Stake Land DVD Review
Written by Charlotte Stear
DVD released by Metrodome Group
Written and Directed by Jim Mickle
2010, Region 2 (PAL), 98 minutes, Rated 15 (UK)
DVD released on 17th October 2011
Connor Paolo as Martin
Nick Damici as Mister
Kelly McGillis as Sister
Danielle Harris as Belle
Sean Nelson as Willie
Michael Cerveris as Jebedia Loven
It’s hard to tackle vampires and a possible end of the world scenario without people rolling their eyes and yawning, “It’s been done before.” Then something like Stake Land comes along and completely turns it around. A massive mix of genres allows this particular feature to go to new exciting places that shake up the same tired routine.
Stake Land is set at a time when the world has reached crisis, a vampire epidemic has taken over the country and every day is a struggle to survive. A young boy, Martin (Connor Paolo), sees his parents brutally killed by vampires, but is saved by a rogue vampire hunter Mister (Nick Damici) who takes him in as a promise to his dying father. They head north on an agnostic pilgrimage to find a safe home in “New Eden”, but find trouble, and new people to help along the way.
I’m not sure how many HorrorTalk readers out there are big fans of Gossip Girl, and I will unashamedly admit that I am, so as soon as Connor Paolo came on screen I instantly though, “Oooh it’s Eric!”, his character from the show. This instantly turned to “Oh no…it’s Eric!” Not that I have a problem with Paolo at all, but more how he’s one character in my mind, and coming from that particular show I was unsure of his range to fit this film. Luckily as soon as it got going, Paolo proved he was not just Eric and he became “Martin”. He is perfect for this particular role because of how he develops through the movie. We meet Martin at his most vulnerable and it is his journey we follow as his character becomes stronger, which reinforced Paolo’s credibility in my mind.
There are many unique qualities that make Stake Land stand out from other vampire films, but the most overpowering one is the breath-taking backdrop of America that plays out behind their journey north. The cinematography is used to its full advantage and really boosts a Western style feel, evoking a haunting atmosphere that highlights the group’s isolation. Each shot is beautiful to look at, only a few scattered dead vampires that litter the floor remind us at times what this film is really about.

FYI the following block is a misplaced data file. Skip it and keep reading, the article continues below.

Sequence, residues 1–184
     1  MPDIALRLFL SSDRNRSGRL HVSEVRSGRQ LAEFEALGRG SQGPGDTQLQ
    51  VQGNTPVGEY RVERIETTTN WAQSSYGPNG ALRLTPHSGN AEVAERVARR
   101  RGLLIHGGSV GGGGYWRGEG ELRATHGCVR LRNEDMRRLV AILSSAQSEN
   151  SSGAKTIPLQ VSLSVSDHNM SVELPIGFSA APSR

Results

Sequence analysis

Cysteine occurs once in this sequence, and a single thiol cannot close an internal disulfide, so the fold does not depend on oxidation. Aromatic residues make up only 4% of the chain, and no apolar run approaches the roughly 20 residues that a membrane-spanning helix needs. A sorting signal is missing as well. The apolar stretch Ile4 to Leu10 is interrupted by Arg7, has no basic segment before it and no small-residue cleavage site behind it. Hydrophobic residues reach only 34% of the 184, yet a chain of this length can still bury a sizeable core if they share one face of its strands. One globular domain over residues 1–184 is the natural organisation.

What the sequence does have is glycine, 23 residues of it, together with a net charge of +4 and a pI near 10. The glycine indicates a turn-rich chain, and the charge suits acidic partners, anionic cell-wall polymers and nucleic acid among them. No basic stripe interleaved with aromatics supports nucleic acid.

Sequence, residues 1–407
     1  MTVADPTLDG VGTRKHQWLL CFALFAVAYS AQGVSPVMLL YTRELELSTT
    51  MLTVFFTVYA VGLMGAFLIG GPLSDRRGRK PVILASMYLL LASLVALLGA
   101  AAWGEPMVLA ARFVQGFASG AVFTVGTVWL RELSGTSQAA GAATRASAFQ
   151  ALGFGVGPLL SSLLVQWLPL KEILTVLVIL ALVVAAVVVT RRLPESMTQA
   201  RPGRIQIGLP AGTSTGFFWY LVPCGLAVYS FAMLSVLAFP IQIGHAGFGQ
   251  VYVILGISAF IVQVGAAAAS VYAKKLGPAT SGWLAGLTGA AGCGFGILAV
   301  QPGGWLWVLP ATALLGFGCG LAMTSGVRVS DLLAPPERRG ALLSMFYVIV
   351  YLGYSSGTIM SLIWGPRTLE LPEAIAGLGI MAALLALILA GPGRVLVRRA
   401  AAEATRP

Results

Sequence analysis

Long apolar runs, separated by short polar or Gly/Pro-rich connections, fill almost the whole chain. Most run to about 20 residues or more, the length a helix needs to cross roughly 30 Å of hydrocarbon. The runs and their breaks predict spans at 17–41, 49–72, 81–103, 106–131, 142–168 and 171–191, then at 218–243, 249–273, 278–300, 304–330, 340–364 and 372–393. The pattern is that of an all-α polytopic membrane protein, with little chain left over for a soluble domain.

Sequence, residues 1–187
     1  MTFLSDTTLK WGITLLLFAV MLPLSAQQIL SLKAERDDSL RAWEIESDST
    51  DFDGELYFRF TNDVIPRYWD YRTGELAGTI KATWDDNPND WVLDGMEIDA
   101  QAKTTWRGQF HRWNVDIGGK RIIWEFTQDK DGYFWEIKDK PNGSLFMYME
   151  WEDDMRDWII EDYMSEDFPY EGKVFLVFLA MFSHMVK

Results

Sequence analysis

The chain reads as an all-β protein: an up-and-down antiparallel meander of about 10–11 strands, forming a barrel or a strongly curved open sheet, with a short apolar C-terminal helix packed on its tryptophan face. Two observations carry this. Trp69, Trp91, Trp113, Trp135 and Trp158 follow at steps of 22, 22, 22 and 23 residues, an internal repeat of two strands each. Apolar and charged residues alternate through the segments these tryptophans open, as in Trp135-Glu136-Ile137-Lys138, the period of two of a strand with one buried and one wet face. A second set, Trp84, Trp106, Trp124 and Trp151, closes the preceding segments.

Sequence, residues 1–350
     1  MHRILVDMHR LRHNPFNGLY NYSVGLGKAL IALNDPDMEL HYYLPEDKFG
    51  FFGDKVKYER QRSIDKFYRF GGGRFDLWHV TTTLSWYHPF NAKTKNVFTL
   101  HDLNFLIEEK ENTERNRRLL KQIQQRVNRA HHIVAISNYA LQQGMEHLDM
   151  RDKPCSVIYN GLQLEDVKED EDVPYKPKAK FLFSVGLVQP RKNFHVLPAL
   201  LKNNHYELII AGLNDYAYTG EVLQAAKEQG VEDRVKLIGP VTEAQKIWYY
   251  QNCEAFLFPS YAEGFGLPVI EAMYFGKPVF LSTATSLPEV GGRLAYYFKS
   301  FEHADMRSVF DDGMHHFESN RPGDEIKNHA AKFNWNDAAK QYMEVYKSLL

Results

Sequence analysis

It’s always interesting to see how each filmmaker tries to create their own vampires, for director Jim Mickle you can see a lot of different influences going on here. These creatures are nothing like any vamps out there, the vampire fight scenes are particularly brutal and their look is reminiscent of the zombies in Evil Dead, but they are still uniquely vampires. Among the rustic, western, traveller feel, Stake Land also manages to splash in some ‘80s influenced vibes. There is an insanely cool fight scene with a vampire, involving Martin and Mister in the boot of the car, with a lot of dry ice floating around to create an eerie atmosphere that made me feel I was watching The Lost Boys. To get a balance of the two widely diverse styles, and not look cheap and out of place, is very impressive and unlike anything I’ve seen before.
With a lot of different genres mixed up here it could be all too easy to let the dialogue become clichéd and cheesy, but it doesn’t, and it works well as we are narrated by Martin along his journey. His husky, worn out voice matches everything we see on screen and there are some great lines for the audience to mull on, like when Mister retorts to Mart, “One day you will learn not to dream at all”. There are times when there isn’t much dialogue; it is the visuals that we need to soak in so Mickle has done well to gain this perfect balance.
There is a constant underlying message about religion, especially when the two travellers meet a nun who has been attacked by men from a violent, extremist tribe. The fact that the travellers not only have to deal with vampires, but also are equally as fearful of an extreme Christian group is a great comment on how we as humans, can be the most dangerous creatures when it comes to faith.
As well as Connor Paolo, it’s great to see scream queen Danielle Harris involved in this, her performance as a heavily pregnant girl who joins the guys on their journey is really interesting and she captures a resilient yet naïve quality to her character. Stand out performance though has to be Nick Damici, a troubled, quiet type that although a loner, has a genuine heart to him and is looking after the little group of misfits he has acquired.
The film does begin to lose momentum slightly in the middle, but there is never any moment where you feel you know where it is going, and as it races to its climax it is best just to let it all pan out and enjoy the ride instead of trying to get one step ahead of it.
I was really blown away by Stake Land, it has a real charm and unique quality that I really wasn’t expecting. It is so refreshing to see someone do something different with a format that has been done over and over. Don’t be so quick to judge this one.
Video and Audio:
There are quite a few extras for this film which is really cool to see, unfortunately I did not have access to all of them for this review but listed on the 2 disc edition you will get a behind the scenes featurette, two commentaries with the director and actors, a director’s diary, VFX featurette and a series of webisodes showing the story behind the film.
There is a choice of 5.1 surround sound or 2.0 stereo on the setup page. I had no problems with audio and the video was perfect for the particular story it was telling, the American countryside shone through. The DVD is shown in 2.35 aspect ratio